full name / name of organization:
American Comparative Literature Association
“To walk is to lack a place. It is the indefinite process of being absent and in search of a proper. The moving about that the city multiplies and concentrates makes the city itself an immense social experience of lacking a place – […] the place but is only a name, the City…a universe of rented spaces haunted by a nowhere or by dreamed-of places.” ― Michel de Certeau
When the Greek and Roman Empires fell, what did their remnants of architecture symbolize? When capitals become obsolete or have disappeared in history and when power has been shifted and governments changed, how do we interpret the center and periphery of the city? What do the physical architectures that have been torn down or those, which remain or were preserved represent? What kind of nostalgia or cultural meanings can be evoked through the displaced old buildings in the modern world? What does it mean when people start to miss the vanished capital and what stories do they remember? What do people see when they roam the transformed cities?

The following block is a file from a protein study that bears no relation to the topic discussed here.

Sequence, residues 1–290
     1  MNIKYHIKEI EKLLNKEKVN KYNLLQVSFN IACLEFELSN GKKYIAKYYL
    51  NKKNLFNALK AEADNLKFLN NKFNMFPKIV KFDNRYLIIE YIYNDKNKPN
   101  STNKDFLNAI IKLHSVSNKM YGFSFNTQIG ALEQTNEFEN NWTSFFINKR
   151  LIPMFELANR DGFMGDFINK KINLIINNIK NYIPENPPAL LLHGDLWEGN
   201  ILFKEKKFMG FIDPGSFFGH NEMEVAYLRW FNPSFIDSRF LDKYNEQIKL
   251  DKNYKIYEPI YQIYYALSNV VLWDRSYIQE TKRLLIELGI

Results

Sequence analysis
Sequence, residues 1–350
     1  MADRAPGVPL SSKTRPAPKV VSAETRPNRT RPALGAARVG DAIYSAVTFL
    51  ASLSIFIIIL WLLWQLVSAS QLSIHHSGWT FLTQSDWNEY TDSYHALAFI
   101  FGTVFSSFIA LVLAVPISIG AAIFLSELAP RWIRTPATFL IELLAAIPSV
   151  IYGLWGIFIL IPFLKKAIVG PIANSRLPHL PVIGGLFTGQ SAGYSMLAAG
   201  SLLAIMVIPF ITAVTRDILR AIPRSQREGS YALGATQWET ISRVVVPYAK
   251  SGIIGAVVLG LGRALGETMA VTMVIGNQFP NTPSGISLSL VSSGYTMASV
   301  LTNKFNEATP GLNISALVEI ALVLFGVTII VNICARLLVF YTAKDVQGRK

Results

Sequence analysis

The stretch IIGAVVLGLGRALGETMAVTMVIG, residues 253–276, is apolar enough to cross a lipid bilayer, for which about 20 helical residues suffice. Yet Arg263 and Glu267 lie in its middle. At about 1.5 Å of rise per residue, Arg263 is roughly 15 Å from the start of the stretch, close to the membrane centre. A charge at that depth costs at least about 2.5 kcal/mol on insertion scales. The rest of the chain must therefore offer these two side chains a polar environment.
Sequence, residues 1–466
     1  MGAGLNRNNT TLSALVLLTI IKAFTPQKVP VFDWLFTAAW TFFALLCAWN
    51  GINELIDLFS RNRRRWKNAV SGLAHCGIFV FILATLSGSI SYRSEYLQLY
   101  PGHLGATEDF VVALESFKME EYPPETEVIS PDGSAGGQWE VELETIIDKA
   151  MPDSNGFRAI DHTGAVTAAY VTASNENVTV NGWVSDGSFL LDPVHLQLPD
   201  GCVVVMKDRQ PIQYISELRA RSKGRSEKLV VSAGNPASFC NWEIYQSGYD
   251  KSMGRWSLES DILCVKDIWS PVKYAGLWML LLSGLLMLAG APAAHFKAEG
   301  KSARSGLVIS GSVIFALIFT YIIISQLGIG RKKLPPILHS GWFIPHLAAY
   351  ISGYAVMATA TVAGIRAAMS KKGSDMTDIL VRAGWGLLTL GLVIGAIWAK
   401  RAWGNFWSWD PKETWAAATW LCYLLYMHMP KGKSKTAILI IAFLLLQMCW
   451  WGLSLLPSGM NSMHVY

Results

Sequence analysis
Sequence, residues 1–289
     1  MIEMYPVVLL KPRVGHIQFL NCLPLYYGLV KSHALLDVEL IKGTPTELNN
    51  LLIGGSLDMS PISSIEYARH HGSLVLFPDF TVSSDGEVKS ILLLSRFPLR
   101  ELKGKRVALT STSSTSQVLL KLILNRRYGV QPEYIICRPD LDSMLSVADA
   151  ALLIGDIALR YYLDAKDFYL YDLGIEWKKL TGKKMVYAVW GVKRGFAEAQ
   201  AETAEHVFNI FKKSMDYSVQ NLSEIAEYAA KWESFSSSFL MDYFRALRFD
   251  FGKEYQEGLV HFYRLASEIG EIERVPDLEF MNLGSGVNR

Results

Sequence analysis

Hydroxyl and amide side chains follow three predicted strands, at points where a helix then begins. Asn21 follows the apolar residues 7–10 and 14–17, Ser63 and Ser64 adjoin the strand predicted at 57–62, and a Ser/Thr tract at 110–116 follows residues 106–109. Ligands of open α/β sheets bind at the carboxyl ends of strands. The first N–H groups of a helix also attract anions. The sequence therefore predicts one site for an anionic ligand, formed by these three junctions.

The panel solicits papers that look for meanings of the old capitals as expressed in architecture, art and literature; and especially welcomes discussion on the decline of empire, the history/stories of colonization/ post-colonization, the juxtaposition between ancient architecture with the structures of a modern metropolis and the meaning of space and time.